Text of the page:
• 3.
    Tangen, Stefan
    KTH, Superseded Departments, Production Engineering.
    Evaluation and revision of performance measurement systems2004Doctoral thesis, monograph (Other scientific)
    Abstract [en]

    Performance measurement is a topic that has received considerable attention during the last decades. There are many motives for using performance measures in a company but perhaps the most crucial one is that they will help to improve productivity when used properly. Productivity is of vital importance to a company’s ability to compete and make profits over time. A company that is not able to efficiently utilise its resources in creating value for its customers will not survive in the competitive business environment of today.

    However, the development of fully functional and suitable performance measurement systems (i.e. set of measures) has proven to be a very challenging task. This research has focused on the last phase of the development of performance measurement system, namely the continuous updating of the performance measures, which still have not been explored in a satisfactory manner. The objective is to investigate and clarify how to evaluate and revise performance measurement systems. In order to reach this objective, several obstacles that contribute to the complexity of the research area are treated.

    In the beginning, the thesis thoroughly investigates the confusing terminology within the field and frequently used terms like productivity, profitability, performance, efficiency and effectiveness are explained. Then, a categorisation of ways to measure performance is presented along with advantages and shortcomings of different productivity and other performance measures. Several key-factors found to affect the productivity of a manufacturing company are also discussed, such as: design of processes and equipment, disturbances and losses, management and control, product design, and job design and work organisation. Much attention is given to the different requirements that performance measurement systems must fulfil, both on the system level and the measure level. Finally a method called the performance measurement progression map is finally proposed, which has been developed in order to give measurement practitioners a comprehensive guide of how to evaluate and revise performance measurement systems.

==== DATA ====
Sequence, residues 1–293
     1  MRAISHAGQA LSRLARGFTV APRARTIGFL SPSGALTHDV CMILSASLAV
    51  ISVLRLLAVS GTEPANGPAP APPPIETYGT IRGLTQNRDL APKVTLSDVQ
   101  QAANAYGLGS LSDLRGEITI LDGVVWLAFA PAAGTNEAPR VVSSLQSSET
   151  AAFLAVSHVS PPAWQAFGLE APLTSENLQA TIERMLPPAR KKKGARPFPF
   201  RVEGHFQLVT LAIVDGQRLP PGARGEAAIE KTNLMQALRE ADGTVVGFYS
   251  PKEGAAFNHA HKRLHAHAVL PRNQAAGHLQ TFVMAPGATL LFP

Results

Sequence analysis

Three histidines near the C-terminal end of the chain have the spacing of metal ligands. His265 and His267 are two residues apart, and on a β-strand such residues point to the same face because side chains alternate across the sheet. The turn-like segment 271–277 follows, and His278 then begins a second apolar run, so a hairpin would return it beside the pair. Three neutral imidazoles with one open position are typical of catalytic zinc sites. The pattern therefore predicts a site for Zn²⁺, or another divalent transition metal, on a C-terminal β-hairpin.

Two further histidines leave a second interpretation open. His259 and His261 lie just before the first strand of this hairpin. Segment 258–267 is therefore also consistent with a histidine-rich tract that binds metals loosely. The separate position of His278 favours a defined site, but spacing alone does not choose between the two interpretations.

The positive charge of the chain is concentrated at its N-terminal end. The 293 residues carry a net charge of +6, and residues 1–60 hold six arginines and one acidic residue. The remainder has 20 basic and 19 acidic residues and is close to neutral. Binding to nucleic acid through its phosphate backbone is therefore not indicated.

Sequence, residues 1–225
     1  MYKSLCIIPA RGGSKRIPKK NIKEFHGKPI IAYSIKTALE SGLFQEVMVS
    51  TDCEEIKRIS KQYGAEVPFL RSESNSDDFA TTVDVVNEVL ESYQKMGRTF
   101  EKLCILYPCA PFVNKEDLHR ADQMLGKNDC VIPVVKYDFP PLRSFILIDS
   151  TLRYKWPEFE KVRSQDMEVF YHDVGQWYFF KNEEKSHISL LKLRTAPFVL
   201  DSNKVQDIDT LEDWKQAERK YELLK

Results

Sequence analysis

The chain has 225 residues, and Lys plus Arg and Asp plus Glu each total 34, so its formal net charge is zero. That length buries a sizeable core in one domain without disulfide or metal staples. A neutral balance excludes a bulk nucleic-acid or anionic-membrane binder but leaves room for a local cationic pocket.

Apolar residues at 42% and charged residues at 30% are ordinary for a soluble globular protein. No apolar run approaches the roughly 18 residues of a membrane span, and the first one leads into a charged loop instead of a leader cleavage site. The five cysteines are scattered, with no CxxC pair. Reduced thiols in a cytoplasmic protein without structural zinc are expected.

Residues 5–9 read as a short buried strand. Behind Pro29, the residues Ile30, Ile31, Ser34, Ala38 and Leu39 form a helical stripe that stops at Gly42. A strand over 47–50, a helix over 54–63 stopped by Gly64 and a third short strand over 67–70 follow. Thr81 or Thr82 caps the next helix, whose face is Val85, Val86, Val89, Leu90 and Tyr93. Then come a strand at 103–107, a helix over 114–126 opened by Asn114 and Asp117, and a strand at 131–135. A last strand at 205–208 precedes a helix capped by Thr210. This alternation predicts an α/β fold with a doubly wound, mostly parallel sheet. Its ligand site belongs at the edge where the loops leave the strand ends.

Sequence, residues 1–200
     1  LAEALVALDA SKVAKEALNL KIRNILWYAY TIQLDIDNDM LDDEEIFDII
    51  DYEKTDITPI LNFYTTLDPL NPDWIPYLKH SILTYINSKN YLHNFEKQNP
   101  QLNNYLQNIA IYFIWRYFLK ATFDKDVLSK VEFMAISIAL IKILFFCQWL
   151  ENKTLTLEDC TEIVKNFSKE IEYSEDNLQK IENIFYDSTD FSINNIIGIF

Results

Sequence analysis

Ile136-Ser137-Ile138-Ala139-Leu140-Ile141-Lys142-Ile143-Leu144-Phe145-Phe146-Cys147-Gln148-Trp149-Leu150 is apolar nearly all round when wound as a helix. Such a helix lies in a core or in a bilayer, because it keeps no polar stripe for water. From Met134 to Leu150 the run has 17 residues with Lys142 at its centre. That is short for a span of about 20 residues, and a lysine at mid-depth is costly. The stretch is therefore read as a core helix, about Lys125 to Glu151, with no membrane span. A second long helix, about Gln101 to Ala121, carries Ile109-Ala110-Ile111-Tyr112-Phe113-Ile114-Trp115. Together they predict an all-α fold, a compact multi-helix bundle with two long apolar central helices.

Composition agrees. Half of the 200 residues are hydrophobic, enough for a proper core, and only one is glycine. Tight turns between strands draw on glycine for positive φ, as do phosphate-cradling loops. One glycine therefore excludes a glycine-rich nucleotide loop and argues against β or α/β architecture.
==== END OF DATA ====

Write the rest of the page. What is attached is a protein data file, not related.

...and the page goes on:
The thesis is concluded with the results from several empirical investigations in which the usefulness of the developed method is validated.

    Keywords: Performance measurement, Performance measurement systems, Productivity, Evaluation

  • 4.
    Tangen, Stefan
    KTH, School of Industrial Engineering and Management (ITM), Production Engineering.
    Improving the performance of a performance measure2005In: Measuring Business Excellence, ISSN 1368-3047, E-ISSN 1758-8057, Vol. 9, no 2, p. 4-11Article, review/survey (Refereed)